and re-submission of plan)

management of trapped fauna

management/protection of permanent stormwater treatment systems during the construction
phase

management of changing weather and site conditions

treatment of acid sulfate and dispersive soils

on-site chemical and fuel storage

waste and litter receptors

maintenance procedures (ESC and waste)

clean-up of pollution spills/deposition (on-site and off-site)

clean-up after storm events

water quality monitoring requirements (location and testing)

site inspection and monitoring

procedures for recording and addressing external complaints

incident reporting

reporting procedures.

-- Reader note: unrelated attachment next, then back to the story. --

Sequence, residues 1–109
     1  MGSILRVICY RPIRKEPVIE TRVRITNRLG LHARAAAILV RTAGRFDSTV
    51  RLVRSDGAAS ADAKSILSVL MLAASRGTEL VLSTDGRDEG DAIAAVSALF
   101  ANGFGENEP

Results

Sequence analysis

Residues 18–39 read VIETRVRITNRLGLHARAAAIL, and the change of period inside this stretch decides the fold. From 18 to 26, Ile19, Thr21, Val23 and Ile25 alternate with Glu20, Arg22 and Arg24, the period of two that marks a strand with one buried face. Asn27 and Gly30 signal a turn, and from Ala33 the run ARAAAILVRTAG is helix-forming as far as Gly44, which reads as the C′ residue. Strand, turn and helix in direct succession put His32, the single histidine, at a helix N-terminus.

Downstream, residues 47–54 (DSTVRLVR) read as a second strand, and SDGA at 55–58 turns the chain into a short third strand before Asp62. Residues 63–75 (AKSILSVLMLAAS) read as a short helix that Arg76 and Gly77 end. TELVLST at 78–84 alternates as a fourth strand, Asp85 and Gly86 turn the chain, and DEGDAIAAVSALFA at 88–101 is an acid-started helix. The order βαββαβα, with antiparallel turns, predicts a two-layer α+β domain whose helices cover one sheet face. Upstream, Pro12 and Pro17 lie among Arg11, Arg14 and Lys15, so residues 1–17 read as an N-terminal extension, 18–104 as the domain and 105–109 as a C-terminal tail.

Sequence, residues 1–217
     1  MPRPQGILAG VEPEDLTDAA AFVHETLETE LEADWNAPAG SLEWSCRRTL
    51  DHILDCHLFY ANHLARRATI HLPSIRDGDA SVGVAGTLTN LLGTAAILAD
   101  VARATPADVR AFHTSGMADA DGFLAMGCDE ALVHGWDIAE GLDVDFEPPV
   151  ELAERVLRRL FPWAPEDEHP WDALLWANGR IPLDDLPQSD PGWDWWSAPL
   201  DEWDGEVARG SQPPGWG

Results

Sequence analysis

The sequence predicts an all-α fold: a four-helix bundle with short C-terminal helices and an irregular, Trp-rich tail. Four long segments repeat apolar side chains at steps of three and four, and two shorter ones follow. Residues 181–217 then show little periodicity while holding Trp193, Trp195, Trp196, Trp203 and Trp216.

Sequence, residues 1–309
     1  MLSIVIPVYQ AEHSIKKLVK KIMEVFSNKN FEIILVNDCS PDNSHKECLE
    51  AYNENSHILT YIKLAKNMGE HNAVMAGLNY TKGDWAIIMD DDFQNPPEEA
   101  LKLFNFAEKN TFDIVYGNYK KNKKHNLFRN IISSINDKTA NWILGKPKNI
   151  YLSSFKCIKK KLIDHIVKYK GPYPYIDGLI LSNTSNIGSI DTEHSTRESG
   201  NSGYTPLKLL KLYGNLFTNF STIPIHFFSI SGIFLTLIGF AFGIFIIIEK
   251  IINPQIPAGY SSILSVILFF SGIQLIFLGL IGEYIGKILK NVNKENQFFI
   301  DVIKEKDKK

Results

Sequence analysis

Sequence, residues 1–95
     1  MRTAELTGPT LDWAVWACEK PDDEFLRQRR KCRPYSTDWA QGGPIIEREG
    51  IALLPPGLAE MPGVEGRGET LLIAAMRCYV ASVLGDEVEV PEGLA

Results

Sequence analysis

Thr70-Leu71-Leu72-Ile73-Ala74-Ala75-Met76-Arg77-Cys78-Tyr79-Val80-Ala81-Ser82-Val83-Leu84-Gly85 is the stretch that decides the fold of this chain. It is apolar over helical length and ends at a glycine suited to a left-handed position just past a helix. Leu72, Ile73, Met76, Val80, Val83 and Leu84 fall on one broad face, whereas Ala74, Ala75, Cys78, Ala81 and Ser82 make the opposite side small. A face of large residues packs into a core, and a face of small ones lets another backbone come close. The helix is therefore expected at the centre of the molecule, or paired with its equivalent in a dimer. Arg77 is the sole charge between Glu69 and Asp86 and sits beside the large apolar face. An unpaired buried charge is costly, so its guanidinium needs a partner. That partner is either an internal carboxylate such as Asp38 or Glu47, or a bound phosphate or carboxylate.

The management of wastes and chemicals on building and construction sites should incorporate
appropriate storage, handling and disposal of any material or pollutant that may be incorporated
into, or transported by, stormwater, whether or not such material was initially displaced by rain,
flowing water, wind or mechanically by construction practices. These management practices
should ensure:

chemicals and fuels stored, handled and disposed of in a manner which ensures that no
pollutants are discharged to stormwater

wastewater from construction and building activities (e.g. equipment clean-up and site
wash-down water, and cooling water from material cutting) to be contained on-site

litter and building waste to be adequately stored and disposed.
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(c)
Site-based Stormwater Management Plans – Post-construction maintenance phase
Where necessary, a separate SMP may be required for the post-construction maintenance phase
that addresses the following issues:

water quality objectives and indicators

statement of who is responsible for each task

management and maintenance of permanent stormwater treatment systems
